PLEASE—don’t leave reviews on books saying they aren’t edited.

You have NO IDEA what the author has gone through to bring you that work!! Instead try something like, “According to what I’ve been taught,” or, “In my humble opinion, this book could use some editing,” or something like that. This will tell other readers you aren’t a professional, but you disagree with how it was done. I’ve seen other authors crucified by readers jumping on the bandwagon to proclaim a book horribly edited—when in fact, while it may have needed a little housecleaning, the story still read well. AGAIN—I’m not saying to overlook bad editing—all I’m saying is that MY EDITOR, and I’m sure many others, puts her blood, sweat, and tears into my books. You don’t have to like them—that’s fine. I’m a big girl, and I can live with reviews from people who hated my story, but please don’t trash/undermine the hard work of my editor. We both spend countless hours trying to put out amazing products for readers, trying our absolute best to give you error free projects.

It’s getting to the point where people can’t even type an error in a post on Facebook without being attacked by someone. It’s quite disheartening. They are WORDS, people. In the grand scheme of life, is it REALLY going to matter if someone said “its vs. it’s, or your vs. you’re?” I don’t think so. Better, I think, to treat people with kindness. And honestly, if something bothers you that badly, use the PRIVATE MESSAGE button to let an author know, instead of forming a public lynch mob to get them. Authors/editors are still people too, and despite how you liked their book, they deserve professional respect and decorum.

Never assume you know what is going on.

As always, I thank you for your support. You may feel free to disagree with me—that is YOUR RIGHT—sharing this is mine.

My WISH for EVERYONE: May only the books you LOVE find their way into your hands!! Ha ha

**I feel like I should give you a reward or something if you actually made it to the end of this!!

https://www.facebook.com/laceymweatherford

http://www.laceyweatherfordbooks.com/

Just FYI: I do not have an English degree. ~ Wendy

Author Reviews: Totally Taboo

If you are an author and you are in the habit of reviewing other authors on Amazon, beware. It is against official policy and it can cause you all kinds of grief.

I was not aware of this rule until I inadvertently broke it and was reported. I am not an author, I am an editor, but I am considered to be benefiting from book sales, although my own paycheque/paycheck does not increase one iota. I told the truth, I reviewed the work honestly, and I refused to review dozens more books than I penned a review for, none of which matters to Amazon. I always used my own name and never attempted to deceive. Doesn’t matter.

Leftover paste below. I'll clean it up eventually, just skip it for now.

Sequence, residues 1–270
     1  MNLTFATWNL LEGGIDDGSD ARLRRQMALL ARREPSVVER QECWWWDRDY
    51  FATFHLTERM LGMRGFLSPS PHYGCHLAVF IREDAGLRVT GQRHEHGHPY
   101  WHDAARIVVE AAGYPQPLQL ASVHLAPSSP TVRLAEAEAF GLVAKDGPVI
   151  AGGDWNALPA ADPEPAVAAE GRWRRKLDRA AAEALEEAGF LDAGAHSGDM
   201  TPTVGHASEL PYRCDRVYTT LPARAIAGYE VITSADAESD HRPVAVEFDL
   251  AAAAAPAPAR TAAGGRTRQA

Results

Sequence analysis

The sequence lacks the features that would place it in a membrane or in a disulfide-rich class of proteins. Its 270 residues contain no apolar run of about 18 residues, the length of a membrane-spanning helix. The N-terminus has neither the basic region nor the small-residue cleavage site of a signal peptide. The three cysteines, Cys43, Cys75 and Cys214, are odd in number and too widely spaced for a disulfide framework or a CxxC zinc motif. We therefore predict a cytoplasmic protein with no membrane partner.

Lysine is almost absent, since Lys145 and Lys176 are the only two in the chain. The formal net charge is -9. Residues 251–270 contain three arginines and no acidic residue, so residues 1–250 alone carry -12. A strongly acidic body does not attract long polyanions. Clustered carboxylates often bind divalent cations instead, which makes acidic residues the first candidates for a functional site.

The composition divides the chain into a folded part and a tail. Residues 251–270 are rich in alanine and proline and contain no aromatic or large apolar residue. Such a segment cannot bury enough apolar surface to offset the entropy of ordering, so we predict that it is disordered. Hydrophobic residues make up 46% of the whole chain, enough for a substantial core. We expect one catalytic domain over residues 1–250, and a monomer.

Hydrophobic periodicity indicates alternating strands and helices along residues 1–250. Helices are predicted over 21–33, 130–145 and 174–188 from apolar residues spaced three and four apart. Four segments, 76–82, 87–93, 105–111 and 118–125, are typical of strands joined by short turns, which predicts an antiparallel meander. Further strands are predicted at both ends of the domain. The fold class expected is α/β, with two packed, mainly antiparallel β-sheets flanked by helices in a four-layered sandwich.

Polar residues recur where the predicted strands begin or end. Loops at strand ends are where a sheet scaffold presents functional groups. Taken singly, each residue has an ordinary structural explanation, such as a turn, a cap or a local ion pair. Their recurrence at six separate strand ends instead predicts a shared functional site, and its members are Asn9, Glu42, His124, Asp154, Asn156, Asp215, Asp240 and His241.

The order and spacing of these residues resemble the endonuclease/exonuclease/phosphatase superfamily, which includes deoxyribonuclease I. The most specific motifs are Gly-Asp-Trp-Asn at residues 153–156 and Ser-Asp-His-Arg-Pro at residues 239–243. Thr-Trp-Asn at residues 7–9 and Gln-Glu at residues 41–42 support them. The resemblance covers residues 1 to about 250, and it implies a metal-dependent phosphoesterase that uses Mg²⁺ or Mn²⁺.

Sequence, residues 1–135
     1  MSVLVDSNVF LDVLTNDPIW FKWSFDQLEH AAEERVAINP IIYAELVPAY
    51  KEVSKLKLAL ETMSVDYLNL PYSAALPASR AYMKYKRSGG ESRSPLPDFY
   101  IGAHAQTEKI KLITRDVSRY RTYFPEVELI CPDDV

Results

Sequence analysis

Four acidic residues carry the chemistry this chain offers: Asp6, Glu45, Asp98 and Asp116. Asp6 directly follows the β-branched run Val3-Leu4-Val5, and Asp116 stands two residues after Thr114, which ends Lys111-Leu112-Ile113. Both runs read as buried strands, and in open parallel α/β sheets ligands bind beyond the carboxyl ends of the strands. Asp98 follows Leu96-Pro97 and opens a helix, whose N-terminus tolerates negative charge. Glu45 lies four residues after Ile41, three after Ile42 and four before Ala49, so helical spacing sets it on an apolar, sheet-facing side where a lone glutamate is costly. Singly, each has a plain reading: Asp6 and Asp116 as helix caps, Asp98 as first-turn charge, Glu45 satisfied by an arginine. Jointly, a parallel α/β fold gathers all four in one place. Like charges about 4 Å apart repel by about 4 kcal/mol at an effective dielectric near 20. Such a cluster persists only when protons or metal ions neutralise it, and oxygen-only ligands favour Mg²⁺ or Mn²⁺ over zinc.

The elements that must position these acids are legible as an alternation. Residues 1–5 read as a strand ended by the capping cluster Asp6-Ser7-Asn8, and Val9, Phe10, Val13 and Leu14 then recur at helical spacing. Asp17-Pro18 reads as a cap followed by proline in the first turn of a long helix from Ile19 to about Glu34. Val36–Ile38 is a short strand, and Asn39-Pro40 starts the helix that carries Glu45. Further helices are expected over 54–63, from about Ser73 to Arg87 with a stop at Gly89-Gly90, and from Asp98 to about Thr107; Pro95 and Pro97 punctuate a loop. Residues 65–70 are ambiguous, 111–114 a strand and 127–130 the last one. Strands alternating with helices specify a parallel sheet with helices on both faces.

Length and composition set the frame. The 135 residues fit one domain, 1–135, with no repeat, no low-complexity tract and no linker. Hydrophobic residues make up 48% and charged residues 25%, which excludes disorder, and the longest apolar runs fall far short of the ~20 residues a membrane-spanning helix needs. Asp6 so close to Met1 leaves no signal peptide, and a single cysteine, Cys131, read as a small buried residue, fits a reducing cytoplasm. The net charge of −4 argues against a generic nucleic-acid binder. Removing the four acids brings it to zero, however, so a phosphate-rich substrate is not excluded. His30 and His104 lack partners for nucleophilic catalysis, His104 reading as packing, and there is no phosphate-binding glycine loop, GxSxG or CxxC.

Even big names selling of millions of books, John Locke being one of them, has been caught using   pseudonyms  [en.wikipedia.org/wiki/Pseudonym  A pseudonym is a name that a person or group assumes for a particular purpose, which differs from his or her original or true name (orthonym)] to write themselves glowing reviews while trashing the competition. (There is some doubt that this works, and may work in the favour/favor of the maligned author.  See quote below.)

We are not talking about fraud and deceit here, we are discussing people writing honest reviews of other books.

Even if you are not an author or editor if you are asked to write a review be careful not to allow yourself to be influenced to increase the star rating at the request of the author. That clearly is fraud.

We are at the point where all reviews are suspect in many ways, which is a sad state of affairs and only increases the degree of the angle on the slope Indie authors are struggling to ascend.

Interesting and revealing on this subject:

http://www.latimes.com/features/books/jacketcopy/la-et-jc-why-is-amazon-deleting-writers-reviews-of-other-authors-books-20121102,0,7028228.story

I would be for winnowing out the five-star reviews by sock puppets and writer friends (though arguably the latter is basically what most book blurbs are these days) IF Amazon was also removing one-star reviews from jealous and spiteful competitors. That would even things out. As it is, things are in favor of underhanded competitors now who don’t understand that sales of competitive books often boosts the sales of similar books as readers get hooked on a subject and look for other titles on the same subject or in the same genre. Sadly many in publishing operate on the notion that there is a limited readership, when in fact Amazon is giving us a worldwide reach into markets most of us never even dreamed of reaching before. . ~ Author Duncan Long  https://www.facebook.com/DuncanLongIllustrator